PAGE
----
We’re proposing, under the new “utility style” model for setting prices:

  • That Chorus’ regulated assets be limited to its fibre and to copper in UFB areas;
  • That copper in the LFC areas be fully depreciated;
  • That both copper and fibre be required to provide “anchor services” - services with a binding minimum performance and maximum price.

We think this proposal is a fair balance between limiting effects on copper users while maintaining reasonable incentives to migration, and to investment in better options for users.

What’s the alternative? Just keeping copper prices down, though it might feel easier in the short-term, would ultimately mean worse outcomes for users. Changes in technology will come, and it’s better to plan for that change. We’re saying New Zealand’s telecommunications industry is better off “eating its veggies” now, so it can grow up big and strong down the track.

Our proposal: “A nationwide essential service product”

We think that all New Zealanders should have at least basic Internet service. That aligns with the Government’s 2025 target that 99% of New Zealanders will have access to 50 Mbps services, and even the most remote 1% will have access to 10 Mbps services.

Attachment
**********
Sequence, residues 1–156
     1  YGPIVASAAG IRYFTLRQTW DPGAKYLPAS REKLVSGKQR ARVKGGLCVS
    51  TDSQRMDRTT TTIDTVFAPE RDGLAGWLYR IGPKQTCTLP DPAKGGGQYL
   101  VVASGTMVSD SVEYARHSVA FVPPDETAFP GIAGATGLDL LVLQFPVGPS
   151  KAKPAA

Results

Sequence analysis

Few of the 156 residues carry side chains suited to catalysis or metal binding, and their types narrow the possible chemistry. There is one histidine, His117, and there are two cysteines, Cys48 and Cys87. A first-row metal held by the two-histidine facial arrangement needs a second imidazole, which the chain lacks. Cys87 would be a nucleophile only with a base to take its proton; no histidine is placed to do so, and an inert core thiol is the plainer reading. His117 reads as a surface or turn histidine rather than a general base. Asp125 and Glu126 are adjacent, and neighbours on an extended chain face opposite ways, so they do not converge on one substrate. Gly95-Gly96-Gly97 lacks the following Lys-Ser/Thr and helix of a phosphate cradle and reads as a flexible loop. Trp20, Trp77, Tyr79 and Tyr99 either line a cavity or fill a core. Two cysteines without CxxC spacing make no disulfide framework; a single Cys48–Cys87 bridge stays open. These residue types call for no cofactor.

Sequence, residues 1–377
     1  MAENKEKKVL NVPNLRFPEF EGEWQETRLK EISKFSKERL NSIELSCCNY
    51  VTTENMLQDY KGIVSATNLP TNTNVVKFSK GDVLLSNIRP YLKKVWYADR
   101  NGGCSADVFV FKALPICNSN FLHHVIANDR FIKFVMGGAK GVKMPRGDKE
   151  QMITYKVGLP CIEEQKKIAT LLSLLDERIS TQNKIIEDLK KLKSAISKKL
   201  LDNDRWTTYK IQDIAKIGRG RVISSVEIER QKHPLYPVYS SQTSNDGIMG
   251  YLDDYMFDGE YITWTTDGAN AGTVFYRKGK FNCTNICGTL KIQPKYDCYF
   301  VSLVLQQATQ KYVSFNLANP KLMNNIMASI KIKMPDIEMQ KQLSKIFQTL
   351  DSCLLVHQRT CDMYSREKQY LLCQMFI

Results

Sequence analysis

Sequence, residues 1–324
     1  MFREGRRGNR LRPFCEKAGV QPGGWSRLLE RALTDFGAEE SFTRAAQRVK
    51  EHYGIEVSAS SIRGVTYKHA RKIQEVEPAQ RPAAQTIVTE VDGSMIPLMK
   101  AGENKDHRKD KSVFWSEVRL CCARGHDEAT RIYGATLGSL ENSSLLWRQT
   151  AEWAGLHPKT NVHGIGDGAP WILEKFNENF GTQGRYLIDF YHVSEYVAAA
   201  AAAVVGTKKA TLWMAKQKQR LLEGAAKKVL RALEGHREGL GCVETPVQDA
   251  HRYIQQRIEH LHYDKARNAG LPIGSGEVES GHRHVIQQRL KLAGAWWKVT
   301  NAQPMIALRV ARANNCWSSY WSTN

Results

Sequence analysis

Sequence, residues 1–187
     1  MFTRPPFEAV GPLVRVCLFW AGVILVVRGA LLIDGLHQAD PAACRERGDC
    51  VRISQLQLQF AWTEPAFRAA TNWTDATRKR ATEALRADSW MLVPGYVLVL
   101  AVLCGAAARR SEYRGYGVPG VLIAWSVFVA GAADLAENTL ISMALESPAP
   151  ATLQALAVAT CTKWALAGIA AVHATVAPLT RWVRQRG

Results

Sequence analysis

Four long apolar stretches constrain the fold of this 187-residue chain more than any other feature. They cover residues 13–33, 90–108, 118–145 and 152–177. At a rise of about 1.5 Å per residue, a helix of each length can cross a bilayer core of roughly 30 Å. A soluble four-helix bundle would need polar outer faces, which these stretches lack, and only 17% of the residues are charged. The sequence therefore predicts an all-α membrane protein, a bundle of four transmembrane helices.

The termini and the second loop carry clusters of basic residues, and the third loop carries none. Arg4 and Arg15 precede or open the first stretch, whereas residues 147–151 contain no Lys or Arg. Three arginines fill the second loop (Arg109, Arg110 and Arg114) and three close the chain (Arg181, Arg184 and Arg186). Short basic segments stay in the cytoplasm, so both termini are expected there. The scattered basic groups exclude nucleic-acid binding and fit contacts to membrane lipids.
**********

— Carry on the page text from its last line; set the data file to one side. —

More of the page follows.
We propose a tech-neutral “essential services” product to deliver this basic access. It should:

  • Specify a minimum performance level, and maximum price for nationwide access;
  • Be compatible with different infrastructure - for example, it should have specified minimums for “calling minutes” and/or “monthly data” to allow for delivery by mobile operators;
  • Improve over time, on a path which meets or exceeds the 2025 targets.

Our proposal: “Attractive, measurable, dynamic anchors”

The MBIE options paper proposes “anchor products” with a set performance level, and a maximum price. We think that’s a good idea, but the specific products suggested are too slow for a future-proof framework.

We propose that anchors should:

  • Be fast enough to attract a significant proportion of users;
  • Have measurable and enforceable minimum performance levels;
  • Have clear consequences for falling short - we suggest that prices would drop to match actual performance;
  • Improve by default - getting faster according to a specified formula.

We think that a set of attractive, measurable, and dynamic anchor products will play a useful role in sharing the benefits of better technology. With Gigabit fibre services offered in 2016, we expect some anchors to be that fast or faster to remain relevant from 2020.

Summing up

We think there’s an exciting potential for the Internet in New Zealand, enabled by current and future investments in better technology. We want to see that potential delivered. That means having the right conversations now, to agree our priorities and set a clear direction for progress.

We’ve proposed some ideas for achieving that progress, but we’d also love to hear yours.